In 1969, I was shuffling down the halls of my high school, staring at the floor, hair uncombed, shirt-tail out -- a typical high-school junior -- when my Latin and Greek teacher (who herself seemed ancient at the time) stopped me.
"Mr. Lowe," she barked. "Stand up straight! Brush that hair! Tuck in that shirt! You are a Classicist! Act like one!"
She meant to do no more, I'm sure, than discipline another slovenly student. In the process, though, she provided an answer to the questions that haunt every adolescent: "Who am I? And just what am I supposed to do on this planet?" Her's wasn't exactly the voice of God, but it was attention-getting nonetheless.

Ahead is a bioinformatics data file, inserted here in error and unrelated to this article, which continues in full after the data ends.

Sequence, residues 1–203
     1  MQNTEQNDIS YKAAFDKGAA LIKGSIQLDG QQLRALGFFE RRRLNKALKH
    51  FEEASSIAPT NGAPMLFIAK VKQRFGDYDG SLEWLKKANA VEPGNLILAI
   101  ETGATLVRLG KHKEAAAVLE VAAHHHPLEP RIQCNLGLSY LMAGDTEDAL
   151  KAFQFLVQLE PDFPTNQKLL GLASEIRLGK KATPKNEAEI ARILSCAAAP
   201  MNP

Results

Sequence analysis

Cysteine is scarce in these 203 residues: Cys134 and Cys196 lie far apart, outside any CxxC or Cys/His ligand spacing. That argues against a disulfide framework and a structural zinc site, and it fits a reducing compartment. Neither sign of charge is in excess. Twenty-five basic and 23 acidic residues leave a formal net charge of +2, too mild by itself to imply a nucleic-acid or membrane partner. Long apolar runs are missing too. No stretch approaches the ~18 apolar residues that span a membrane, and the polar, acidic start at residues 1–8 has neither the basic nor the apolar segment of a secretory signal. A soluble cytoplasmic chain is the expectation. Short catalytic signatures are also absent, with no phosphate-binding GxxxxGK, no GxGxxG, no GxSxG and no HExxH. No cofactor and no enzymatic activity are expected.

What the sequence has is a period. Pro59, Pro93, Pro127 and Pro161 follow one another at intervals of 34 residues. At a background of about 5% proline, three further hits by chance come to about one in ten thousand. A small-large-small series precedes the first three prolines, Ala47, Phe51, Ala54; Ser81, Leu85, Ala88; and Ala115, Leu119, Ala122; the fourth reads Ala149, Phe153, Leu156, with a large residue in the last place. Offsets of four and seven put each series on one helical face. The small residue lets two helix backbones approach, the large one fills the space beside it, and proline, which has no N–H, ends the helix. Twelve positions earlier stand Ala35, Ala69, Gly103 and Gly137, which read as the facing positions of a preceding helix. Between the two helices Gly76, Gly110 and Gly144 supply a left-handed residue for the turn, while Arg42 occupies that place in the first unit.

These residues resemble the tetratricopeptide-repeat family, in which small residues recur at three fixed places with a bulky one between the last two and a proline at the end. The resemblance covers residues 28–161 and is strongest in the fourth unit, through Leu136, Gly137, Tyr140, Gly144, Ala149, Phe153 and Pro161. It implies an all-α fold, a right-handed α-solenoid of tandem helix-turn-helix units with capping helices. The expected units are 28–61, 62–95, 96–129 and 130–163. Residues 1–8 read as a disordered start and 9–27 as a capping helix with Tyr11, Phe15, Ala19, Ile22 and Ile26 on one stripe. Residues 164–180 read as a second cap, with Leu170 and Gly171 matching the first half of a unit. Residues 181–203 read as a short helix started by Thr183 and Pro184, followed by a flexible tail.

I carried her words with me through college and graduate school, and while life since then took a few unforeseen turns, I never forgot them. And today, many years later, in a second career I had long ago hoped would be my only one and long ago thought lost, I find myself again walking the halls of a high school, teaching Latin and Greek, and wondering if the day will come when I'll bark at a student, "You are a Classicist! Act like one!"
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